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Greene, M. Kaplan, B.L. (1978). Aspects of Loneliness in the Therapeutic Situation. Int. R. Psycho-Anal., 5:321-330.

(1978). International Review of Psycho-Analysis, 5:321-330

Aspects of Loneliness in the Therapeutic Situation

Martin Greene and Bert L. Kaplan


Loneliness is discussed as a concept and an experience. Distinguished from aloneness and defined as qualitatively different from emptiness, it is recognized as an essential aspect of mature and intimate interpersonal relationships. In fact, the ability to experience loneliness indicates that there is both a capacity to recall images of prior attachments and a belief that the future holds the promise of subsequent attachments. Two cases were presented, one of a young woman illustrated that absence of loneliness is indeed an ominous sign of the inner state of emptiness and the other of the young man, which emphasized that there are pathological aspects of loneliness, as illustrated by his preoccupation with memories that interfered with current intimate relationships.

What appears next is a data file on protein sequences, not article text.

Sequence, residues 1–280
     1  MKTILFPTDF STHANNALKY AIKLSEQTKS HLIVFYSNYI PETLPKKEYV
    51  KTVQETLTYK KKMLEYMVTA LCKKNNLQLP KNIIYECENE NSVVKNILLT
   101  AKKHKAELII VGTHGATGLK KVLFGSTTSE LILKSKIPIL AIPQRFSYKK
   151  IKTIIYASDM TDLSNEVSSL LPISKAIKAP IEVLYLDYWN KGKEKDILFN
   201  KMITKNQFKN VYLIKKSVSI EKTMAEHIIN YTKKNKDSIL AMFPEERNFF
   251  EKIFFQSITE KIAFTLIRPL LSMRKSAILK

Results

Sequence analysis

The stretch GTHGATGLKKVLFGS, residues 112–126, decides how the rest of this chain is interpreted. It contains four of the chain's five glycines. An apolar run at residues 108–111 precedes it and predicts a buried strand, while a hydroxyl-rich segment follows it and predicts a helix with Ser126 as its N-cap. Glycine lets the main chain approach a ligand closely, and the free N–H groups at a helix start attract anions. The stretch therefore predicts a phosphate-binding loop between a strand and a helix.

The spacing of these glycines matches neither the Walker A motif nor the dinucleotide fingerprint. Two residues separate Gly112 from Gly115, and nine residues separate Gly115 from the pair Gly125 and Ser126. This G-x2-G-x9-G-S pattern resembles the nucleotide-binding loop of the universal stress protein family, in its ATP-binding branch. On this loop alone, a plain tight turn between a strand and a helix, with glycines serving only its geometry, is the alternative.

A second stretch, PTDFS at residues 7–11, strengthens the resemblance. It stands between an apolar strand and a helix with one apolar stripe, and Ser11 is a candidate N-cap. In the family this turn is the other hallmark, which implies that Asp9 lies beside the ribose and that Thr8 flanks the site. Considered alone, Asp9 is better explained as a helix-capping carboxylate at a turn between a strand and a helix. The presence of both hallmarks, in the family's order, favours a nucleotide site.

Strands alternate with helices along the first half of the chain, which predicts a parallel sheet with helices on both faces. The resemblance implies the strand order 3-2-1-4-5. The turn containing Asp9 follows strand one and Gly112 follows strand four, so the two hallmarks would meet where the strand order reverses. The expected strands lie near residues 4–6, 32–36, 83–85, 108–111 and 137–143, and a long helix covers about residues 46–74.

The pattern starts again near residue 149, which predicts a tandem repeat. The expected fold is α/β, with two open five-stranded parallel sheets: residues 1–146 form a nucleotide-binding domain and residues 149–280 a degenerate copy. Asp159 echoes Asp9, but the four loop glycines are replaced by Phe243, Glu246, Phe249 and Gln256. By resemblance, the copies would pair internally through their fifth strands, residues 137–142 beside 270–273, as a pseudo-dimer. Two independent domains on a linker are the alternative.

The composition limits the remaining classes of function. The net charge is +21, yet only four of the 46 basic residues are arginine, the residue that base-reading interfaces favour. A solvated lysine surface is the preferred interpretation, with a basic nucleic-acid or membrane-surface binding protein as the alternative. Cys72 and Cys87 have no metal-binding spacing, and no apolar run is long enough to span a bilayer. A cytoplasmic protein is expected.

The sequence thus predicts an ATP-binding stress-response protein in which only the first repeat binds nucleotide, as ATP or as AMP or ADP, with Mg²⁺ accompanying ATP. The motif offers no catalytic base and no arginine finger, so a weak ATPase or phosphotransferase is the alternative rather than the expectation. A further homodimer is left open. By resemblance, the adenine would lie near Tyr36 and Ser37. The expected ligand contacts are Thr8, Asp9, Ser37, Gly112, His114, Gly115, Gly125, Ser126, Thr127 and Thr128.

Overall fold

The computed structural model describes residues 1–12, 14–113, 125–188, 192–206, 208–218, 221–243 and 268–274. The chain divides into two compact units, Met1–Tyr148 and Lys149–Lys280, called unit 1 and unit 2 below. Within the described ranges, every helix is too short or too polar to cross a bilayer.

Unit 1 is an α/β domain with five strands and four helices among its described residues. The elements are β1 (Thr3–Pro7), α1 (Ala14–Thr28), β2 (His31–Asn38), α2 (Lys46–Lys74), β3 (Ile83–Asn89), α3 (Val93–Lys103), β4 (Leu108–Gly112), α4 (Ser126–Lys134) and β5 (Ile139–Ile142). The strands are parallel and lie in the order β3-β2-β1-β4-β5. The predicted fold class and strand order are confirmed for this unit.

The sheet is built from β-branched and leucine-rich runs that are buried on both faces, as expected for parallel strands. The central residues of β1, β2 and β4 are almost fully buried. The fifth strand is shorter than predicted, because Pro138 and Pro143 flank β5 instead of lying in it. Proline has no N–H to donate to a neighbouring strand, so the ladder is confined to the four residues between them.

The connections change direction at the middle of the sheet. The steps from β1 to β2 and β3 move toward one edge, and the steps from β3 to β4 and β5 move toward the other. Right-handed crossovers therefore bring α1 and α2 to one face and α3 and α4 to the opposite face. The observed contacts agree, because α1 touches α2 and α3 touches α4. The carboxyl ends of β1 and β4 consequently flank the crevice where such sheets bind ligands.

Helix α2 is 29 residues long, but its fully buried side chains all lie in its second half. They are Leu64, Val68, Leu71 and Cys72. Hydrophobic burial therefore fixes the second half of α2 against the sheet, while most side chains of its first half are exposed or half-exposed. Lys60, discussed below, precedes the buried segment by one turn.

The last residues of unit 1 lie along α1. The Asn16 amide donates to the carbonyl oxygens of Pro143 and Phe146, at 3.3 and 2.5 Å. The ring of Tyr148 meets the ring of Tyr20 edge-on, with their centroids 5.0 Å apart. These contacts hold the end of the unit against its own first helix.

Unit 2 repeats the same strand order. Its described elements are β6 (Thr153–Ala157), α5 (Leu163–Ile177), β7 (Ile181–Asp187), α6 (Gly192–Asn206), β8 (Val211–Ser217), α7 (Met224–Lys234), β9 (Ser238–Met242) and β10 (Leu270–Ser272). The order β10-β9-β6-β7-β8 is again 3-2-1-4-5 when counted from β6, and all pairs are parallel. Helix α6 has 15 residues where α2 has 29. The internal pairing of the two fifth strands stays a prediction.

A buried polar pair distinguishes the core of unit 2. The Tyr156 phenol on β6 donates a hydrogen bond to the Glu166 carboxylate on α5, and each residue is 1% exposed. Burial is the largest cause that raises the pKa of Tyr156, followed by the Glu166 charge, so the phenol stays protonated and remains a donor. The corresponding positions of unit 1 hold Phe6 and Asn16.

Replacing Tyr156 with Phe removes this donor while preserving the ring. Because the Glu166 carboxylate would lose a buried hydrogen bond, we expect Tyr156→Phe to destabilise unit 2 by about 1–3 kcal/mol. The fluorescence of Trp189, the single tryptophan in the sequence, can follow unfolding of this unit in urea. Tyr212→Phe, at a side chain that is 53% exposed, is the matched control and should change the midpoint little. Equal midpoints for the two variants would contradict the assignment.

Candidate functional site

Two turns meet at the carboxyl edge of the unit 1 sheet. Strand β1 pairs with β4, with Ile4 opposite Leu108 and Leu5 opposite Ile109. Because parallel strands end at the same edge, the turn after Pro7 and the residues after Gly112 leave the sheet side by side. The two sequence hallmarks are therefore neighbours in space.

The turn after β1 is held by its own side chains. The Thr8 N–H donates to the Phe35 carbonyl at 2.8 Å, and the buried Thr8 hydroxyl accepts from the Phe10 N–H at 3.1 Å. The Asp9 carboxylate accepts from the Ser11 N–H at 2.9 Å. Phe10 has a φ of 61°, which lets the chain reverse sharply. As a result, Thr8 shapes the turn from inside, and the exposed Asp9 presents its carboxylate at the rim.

Although the two persons discussed are qualitatively different, the therapist's attention to the dynamics of the experience of loneliness, both his patients' and his own, proved helpful in understanding their dynamics and sensitized him to the meaning of the therapeutic interaction. In both cases, the treatment approach was derived from the view that the inner experience of insufficiently differentiated self/object representations interferes with current, potentially growth-facilitating, actual and shared experiences. In such cases the provision of the experience, such as through a corrective emotional experience, is not enough. As illustrated, the nature of the inner experience of self/object representations in the one case vague and empty, and in the other alternatively exciting and devouring, was maintained as a closed off system which served to colour and defend against actual experiences. The therapist's availability as a whole and actual object, together with the systematic analysis of the patients' inner experiences and consequent defences against actual relationships, provided the components that enabled therapeutic progress.

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